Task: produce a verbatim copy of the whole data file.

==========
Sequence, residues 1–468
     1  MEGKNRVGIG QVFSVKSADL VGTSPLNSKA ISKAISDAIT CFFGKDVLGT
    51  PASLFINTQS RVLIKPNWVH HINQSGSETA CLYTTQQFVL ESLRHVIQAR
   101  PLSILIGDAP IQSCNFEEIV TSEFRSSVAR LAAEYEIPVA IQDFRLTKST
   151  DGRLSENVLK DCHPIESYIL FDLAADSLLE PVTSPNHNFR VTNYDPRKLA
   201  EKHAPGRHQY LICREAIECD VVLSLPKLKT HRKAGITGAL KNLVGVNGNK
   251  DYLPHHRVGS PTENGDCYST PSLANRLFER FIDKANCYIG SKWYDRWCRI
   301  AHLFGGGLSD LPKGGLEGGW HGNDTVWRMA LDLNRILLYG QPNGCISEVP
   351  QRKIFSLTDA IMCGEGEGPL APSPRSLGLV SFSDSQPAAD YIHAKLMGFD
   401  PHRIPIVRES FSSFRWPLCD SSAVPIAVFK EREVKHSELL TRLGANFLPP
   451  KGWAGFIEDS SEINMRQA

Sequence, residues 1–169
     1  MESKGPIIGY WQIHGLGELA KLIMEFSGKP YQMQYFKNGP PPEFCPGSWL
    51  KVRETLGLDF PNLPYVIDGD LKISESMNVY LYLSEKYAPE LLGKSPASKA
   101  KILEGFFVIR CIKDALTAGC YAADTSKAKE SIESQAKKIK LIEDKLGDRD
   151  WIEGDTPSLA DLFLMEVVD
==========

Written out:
Sequence, residues 1–468
     1  MEGKNRVGIG QVFSVKSADL VGTSPLNSKA ISKAISDAIT CFFGKDVLGT
    51  PASLFINTQS RVLIKPNWVH HINQSGSETA CLYTTQQFVL ESLRHVIQAR
   101  PLSILIGDAP IQSCNFEEIV TSEFRSSVAR LAAEYEIPVA IQDFRLTKST
   151  DGRLSENVLK DCHPIESYIL FDLAADSLLE PVTSPNHNFR VTNYDPRKLA
   201  EKHAPGRHQY LICREAIECD VVLSLPKLKT HRKAGITGAL KNLVGVNGNK
   251  DYLPHHRVGS PTENGDCYST PSLANRLFER FIDKANCYIG SKWYDRWCRI
   301  AHLFGGGLSD LPKGGLEGGW HGNDTVWRMA LDLNRILLYG QPNGCISEVP
   351  QRKIFSLTDA IMCGEGEGPL APSPRSLGLV SFSDSQPAAD YIHAKLMGFD
   401  PHRIPIVRES FSSFRWPLCD SSAVPIAVFK EREVKHSELL TRLGANFLPP
   451  KGWAGFIEDS SEINMRQA

Sequence, residues 1–169
     1  MESKGPIIGY WQIHGLGELA KLIMEFSGKP YQMQYFKNGP PPEFCPGSWL
    51  KVRETLGLDF PNLPYVIDGD LKISESMNVY LYLSEKYAPE LLGKSPASKA
   101  KILEGFFVIR CIKDALTAGC YAADTSKAKE SIESQAKKIK LIEDKLGDRD
   151  WIEGDTPSLA DLFLMEVVD